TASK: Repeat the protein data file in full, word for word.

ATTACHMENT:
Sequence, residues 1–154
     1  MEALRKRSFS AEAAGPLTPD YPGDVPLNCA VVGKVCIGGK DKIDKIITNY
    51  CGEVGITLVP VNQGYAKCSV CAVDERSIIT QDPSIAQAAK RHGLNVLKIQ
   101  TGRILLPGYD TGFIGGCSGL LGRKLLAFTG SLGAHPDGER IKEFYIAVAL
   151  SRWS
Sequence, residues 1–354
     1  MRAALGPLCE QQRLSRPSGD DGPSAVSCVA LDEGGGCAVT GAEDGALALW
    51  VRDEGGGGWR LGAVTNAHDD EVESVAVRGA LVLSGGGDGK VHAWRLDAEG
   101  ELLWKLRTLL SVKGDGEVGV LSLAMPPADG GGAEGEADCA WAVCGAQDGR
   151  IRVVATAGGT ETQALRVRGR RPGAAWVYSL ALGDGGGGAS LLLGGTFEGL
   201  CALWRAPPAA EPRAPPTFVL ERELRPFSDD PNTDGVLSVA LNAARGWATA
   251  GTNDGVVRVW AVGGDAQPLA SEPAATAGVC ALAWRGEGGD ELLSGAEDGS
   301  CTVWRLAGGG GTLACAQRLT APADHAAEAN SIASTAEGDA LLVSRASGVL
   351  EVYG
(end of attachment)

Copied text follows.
Sequence, residues 1–154
     1  MEALRKRSFS AEAAGPLTPD YPGDVPLNCA VVGKVCIGGK DKIDKIITNY
    51  CGEVGITLVP VNQGYAKCSV CAVDERSIIT QDPSIAQAAK RHGLNVLKIQ
   101  TGRILLPGYD TGFIGGCSGL LGRKLLAFTG SLGAHPDGER IKEFYIAVAL
   151  SRWS
Sequence, residues 1–354
     1  MRAALGPLCE QQRLSRPSGD DGPSAVSCVA LDEGGGCAVT GAEDGALALW
    51  VRDEGGGGWR LGAVTNAHDD EVESVAVRGA LVLSGGGDGK VHAWRLDAEG
   101  ELLWKLRTLL SVKGDGEVGV LSLAMPPADG GGAEGEADCA WAVCGAQDGR
   151  IRVVATAGGT ETQALRVRGR RPGAAWVYSL ALGDGGGGAS LLLGGTFEGL
   201  CALWRAPPAA EPRAPPTFVL ERELRPFSDD PNTDGVLSVA LNAARGWATA
   251  GTNDGVVRVW AVGGDAQPLA SEPAATAGVC ALAWRGEGGD ELLSGAEDGS
   301  CTVWRLAGGG GTLACAQRLT APADHAAEAN SIASTAEGDA LLVSRASGVL
   351  EVYG